I woke up last week, battling to breathe. I have had struggles with my lungs in the past, to the point where I have suffered respiratory arrest. Of course, this didn’t stop me smoking unfiltered Turkish cigarettes as a youngster, a fact that now makes me cringe. The damage that my spine has suffered has compromised my breathing, so if I catch a virus, I feel it ferociously. A doctor who administers Botox  on the side was able to see me, his secretary pulling faces as he repeated orders that she had already seen to. He had forgotten that she can pre-empt his every move. He is a raconteur, a larger-than-life medico. He was straight onto what needed to be done to help me breathe.


I started on my steroids and various medications, unable to  lift my head from the pillow. My little girl put the washing out, fed me and schooled herself, using online resources. I was drenched in sweat from my fever, and drifted in and out of disjointed, fitful sleeps. A dear friend who is undergoing chemotherapy brought around soup and rolls. “I think it was Auntie Di,” my little girl said as she brought in my lunch. “She had a scarf over her face.” I was so glad she did! The next day, another friend left a bag at the back door. This lady is a single mum, and not well herself. To have friends call around when they are going through tough times themselves…A little girl called Blossie popped in with her mum to visit, and word of my pneumonia even hit the street. We found a little doll and card lovingly placed in our letterbox, overflowing with a local character’s best wishes. People offered to help in any way they could. It meant so much. To know people cared, and we weren’t alone. I am overjoyed that my daughter is able to see such striking examples of kindness. I could have got worse, and needed to be in hospital, and the assurance that friends were nearby helped alleviate a great deal of worry.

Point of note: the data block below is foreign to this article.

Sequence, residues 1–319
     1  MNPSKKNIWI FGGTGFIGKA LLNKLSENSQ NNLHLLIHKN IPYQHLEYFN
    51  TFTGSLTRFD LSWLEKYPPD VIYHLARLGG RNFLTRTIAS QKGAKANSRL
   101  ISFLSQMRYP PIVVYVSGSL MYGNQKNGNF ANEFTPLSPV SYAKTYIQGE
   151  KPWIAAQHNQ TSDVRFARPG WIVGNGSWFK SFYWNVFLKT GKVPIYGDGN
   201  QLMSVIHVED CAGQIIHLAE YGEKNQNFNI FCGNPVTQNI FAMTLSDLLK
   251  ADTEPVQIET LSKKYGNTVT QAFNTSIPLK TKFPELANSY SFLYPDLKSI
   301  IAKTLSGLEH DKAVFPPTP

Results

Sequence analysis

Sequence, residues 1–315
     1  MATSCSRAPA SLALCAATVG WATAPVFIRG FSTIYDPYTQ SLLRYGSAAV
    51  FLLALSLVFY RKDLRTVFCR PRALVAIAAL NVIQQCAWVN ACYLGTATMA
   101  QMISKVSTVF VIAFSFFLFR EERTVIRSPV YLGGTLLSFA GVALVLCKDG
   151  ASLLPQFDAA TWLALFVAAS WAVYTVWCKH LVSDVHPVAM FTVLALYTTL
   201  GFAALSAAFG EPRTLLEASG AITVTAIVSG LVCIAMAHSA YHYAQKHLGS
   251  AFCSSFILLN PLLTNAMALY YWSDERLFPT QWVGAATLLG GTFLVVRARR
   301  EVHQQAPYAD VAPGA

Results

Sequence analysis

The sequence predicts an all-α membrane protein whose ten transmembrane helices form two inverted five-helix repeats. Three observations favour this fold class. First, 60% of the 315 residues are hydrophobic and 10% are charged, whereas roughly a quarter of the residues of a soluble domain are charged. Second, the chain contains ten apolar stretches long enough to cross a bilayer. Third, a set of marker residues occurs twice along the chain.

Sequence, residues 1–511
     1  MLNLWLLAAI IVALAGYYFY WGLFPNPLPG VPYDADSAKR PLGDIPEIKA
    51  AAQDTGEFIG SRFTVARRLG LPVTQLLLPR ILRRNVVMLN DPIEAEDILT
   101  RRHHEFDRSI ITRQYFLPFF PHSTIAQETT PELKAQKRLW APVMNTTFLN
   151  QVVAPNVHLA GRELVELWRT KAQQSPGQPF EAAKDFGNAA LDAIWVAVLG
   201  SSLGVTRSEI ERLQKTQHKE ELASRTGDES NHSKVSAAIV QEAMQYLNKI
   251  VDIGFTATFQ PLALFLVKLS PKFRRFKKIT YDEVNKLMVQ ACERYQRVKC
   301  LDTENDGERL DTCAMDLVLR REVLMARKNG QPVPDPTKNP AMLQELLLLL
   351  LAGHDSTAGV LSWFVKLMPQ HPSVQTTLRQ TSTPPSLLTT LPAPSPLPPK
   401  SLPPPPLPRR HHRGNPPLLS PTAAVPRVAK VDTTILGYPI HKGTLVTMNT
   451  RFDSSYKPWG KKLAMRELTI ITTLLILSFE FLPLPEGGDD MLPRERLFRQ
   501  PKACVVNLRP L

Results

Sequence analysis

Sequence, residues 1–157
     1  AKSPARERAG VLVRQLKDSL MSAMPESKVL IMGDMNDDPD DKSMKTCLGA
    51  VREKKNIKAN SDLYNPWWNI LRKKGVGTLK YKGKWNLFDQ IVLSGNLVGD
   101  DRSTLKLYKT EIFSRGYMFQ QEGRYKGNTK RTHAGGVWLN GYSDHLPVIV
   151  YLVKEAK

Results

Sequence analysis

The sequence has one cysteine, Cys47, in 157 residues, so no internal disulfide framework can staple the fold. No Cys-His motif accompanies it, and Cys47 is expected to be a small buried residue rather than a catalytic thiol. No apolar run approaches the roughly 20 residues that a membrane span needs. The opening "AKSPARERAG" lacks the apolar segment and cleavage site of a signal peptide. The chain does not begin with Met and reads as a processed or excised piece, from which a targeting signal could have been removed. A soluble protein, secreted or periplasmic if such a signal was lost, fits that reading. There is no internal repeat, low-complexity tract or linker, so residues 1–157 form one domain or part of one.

A container of soup is much more than it’s ingredients. It’s the energy of love, comfort and support. It says that you care, and want to nourish your loved one. Thankyou to my beautiful friends for being there. It’s back to the real world this week, and though I still feel weak, I am bolstered by the kindness shown. At this stage, my doctors won’t operate to provide pain relief to my spine, as it simply wouldn’t help. It is only when mechanically I need to be rebuilt so I can breathe easier that they will go in. I just need to get through winter, and then I will be okay for another year. I reckon I can do it! I have been reminded that I am not doing it alone.

3 thoughts on “Breathing

  1. Soft,gentle, loving hugs to you (not strong, squeezy,literally breath-taking ones!) xxx
    Pneumonia is a horrible price to pay for getting out and about to participate in your community but the kindness in your community is such a beautiful reward. How can you not be a part of that when you are so kind and loving yourself. It is reassuring to those of us so far away who love you, who cannot be right there on your doorstep in times of need, that you have local angels looking after you. Take it easy, my darling friend. xx


  2. I do hope you are feeling better soon. It sounds like you have some truly wonderful friends who have looked out for you. Your daughter is amazing too, looking after you and making sure she keeps up with her schooling, you must be very proud of her. Send you warm wishes for a quick recovery xx


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